Examining Different Forms of Organizations for Managing and Disposing of Spent Nuclear Fuel and High-Level Radioactive Waste

For Release

January 11, 2013

A federal government corporation and an independent government agency are the two most promising models for a new organization to manage and dispose of spent nuclear fuel and high-level radioactive waste in the United States, according to a new RAND Corporation report.

Both models can achieve the critical attributes of accountability, transparent decisionmaking, insulation from political control, a public interest mission and organizational stability. A third organizational model—a federally chartered private corporation—is not a good option because its commitment to stockholders and profit could result in weakened public accountability and poor political credibility, according to the study.

In 2010, Secretary of Energy Steven Chu established the Blue Ribbon Commission on America's Nuclear Future following a decision by President Obama to withdraw the Department of Energy's license application to the Nuclear Regulatory Commission for a proposed repository at Yucca Mountain, Nev., for spent nuclear fuel and other high-level radioactive waste. The Blue Ribbon Commission conducted "a comprehensive review of policies for managing the back end of the nuclear fuel cycle, recommended a new strategy," and issued its final report in February 2012.

Views differ about the most appropriate organizational model. While noting that there are other possibilities, the Blue Ribbon Commission recommended a federal government corporation. A bipartisan group of senators in 2012 called for the establishment of an independent government agency. The Obama administration has just released its "Strategy for the Management and Disposal of Spent Nuclear Fuel and High-level Radioactive Waste." While agreeing that a new organization is needed, it concluded "that there are several viable organizational models that can possess the critical attributes."

RAND, a nonprofit research institution, was selected by the Department of Energy to conduct an analysis of alternative organizational models and develop a decision framework that would assist policymakers in deliberations about how best to shape a new organization.

"Most importantly, policymakers will need to determine the relationships between the new organization and the president and Congress, how it will be funded, and the role of stakeholders and other organizations," said Lynn Davis, a senior political scientist at RAND and one of the study's co-authors.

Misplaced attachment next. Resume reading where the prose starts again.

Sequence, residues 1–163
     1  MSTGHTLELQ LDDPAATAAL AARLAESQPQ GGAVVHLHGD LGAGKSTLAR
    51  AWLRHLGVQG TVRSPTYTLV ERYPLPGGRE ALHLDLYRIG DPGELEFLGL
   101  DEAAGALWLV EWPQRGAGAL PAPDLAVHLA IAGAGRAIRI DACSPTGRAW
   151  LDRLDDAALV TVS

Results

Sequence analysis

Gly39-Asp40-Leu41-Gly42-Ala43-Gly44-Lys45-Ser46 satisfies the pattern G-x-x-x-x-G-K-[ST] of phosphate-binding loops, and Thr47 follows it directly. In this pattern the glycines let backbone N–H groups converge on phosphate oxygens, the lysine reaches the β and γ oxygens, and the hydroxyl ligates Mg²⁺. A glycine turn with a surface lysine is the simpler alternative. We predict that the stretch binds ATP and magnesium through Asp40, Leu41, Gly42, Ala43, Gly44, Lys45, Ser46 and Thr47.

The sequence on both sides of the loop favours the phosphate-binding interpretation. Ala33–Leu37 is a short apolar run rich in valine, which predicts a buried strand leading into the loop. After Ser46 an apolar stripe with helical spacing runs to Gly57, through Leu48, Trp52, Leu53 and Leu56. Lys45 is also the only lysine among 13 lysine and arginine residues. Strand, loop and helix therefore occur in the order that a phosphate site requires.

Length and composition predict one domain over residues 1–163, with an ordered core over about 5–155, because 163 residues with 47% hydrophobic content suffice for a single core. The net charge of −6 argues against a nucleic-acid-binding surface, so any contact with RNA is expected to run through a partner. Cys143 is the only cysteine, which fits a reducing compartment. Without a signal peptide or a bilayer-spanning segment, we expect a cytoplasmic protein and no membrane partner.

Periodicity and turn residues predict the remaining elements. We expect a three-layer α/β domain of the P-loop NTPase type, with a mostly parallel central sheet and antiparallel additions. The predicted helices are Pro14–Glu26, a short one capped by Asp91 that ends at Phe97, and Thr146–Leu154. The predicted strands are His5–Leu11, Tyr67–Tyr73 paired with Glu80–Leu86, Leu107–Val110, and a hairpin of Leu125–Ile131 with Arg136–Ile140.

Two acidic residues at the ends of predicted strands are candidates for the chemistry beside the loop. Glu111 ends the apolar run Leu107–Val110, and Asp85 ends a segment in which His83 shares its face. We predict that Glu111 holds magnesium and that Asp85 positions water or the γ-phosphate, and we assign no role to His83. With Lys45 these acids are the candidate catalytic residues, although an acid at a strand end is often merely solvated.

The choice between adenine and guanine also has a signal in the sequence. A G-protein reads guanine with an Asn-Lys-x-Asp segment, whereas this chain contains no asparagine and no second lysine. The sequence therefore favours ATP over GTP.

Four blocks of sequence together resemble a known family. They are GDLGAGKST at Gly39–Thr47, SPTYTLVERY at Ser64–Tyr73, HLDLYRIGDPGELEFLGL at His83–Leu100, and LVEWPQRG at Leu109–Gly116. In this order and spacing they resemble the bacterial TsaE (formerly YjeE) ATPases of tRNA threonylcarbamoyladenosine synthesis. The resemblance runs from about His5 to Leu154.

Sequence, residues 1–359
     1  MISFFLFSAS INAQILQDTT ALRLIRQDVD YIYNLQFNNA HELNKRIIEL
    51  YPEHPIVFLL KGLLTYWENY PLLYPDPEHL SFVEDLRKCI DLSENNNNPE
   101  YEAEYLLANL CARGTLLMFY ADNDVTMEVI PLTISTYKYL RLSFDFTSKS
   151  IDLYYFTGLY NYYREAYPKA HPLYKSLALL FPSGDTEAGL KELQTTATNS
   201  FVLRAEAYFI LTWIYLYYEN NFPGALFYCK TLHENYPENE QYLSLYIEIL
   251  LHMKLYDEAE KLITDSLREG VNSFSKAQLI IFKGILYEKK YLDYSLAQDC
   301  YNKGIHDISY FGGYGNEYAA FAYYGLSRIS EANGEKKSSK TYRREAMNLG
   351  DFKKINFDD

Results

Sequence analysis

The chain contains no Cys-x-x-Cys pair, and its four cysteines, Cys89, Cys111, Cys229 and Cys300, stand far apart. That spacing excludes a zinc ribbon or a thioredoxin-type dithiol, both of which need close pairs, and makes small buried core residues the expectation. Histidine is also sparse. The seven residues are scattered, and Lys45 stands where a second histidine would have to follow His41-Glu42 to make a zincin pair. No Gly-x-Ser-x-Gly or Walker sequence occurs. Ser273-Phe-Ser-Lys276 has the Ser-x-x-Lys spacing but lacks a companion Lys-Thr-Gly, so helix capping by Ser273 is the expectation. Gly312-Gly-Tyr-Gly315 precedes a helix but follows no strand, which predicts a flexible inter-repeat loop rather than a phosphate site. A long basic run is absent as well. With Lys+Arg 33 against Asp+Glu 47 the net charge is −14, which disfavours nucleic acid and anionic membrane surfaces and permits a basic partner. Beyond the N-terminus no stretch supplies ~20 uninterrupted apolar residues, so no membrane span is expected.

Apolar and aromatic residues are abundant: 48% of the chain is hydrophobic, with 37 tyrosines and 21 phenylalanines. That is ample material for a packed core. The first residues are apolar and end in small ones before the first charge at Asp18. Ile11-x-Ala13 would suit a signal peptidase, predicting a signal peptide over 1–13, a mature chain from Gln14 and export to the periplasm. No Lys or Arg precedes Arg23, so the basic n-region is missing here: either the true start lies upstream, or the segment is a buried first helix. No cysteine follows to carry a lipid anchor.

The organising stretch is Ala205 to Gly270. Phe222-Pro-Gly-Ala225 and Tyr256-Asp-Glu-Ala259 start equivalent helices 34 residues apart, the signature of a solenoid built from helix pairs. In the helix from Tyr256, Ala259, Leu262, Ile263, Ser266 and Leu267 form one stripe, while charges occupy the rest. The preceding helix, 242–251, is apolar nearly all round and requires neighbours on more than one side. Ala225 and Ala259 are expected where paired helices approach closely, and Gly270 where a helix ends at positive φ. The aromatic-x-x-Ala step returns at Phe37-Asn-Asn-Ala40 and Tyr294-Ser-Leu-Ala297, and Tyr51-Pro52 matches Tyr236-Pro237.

The president can have a direct role through an independent government agency, or a largely indirect role through a federal government corporation, researchers say. A direct relationship ensures that the public interest is taken into account in all management and disposal organization operations, including materials siting and transportation. An indirect relationship insulates the activities of the organization from the turnover of administrations and allows for flexibility in siting negotiations, and contracting and procurement operations.

Congress will have an oversight role for the new organization, and policymakers will need to determine if the Senate will confirm its leadership, and which congressional committees will have oversight jurisdiction.

Policymakers also will need to determine if a new management and disposal organization is to be financed through annual congressional appropriations, through a dedicated fund or both. For example, NASA, an independent government agency, receives annual appropriations; the Tennessee Valley Authority (a government corporation) has a dedicated funding stream; the Nuclear Regulatory Commission (an independent government agency) and Amtrak (a government corporation) have dedicated funding streams and annual appropriations.

The new organization will have multiple stakeholders, including utility companies, states, local communities, nongovernmental organizations, and the Department of Defense and Department of Energy. Policymakers will need to determine if these interests will be represented within the organization or through different coordination and consultation mechanisms.

"Policymakers will need to strike the important balance between the competing values of accountability and flexibility that are required in creating a new organization," said Debra Knopman, a co-author and RAND vice president and director of RAND Justice, Infrastructure, and Environment.

Researchers caution that the success of the new organization will be influenced by many factors, and the organizational form is only one of these factors as changes in national priorities and the political environment will affect outcomes.

The report, "Choosing a New Organization for Management and Disposition of Commercial and Defense High-Level Radioactive Materials," can be found at www.rand.org.

The research was sponsored by the U.S. Department of Energy and was conducted in the Environment, Energy, and Economic Development Program within RAND Justice, Infrastructure, and Environment. JIE provides insights and solutions to public- and private-sector decisionmakers across numerous domains, including criminal and civil justice; public safety; environmental and natural resources policy; energy, transportation, communications, and other infrastructure; and homeland security.

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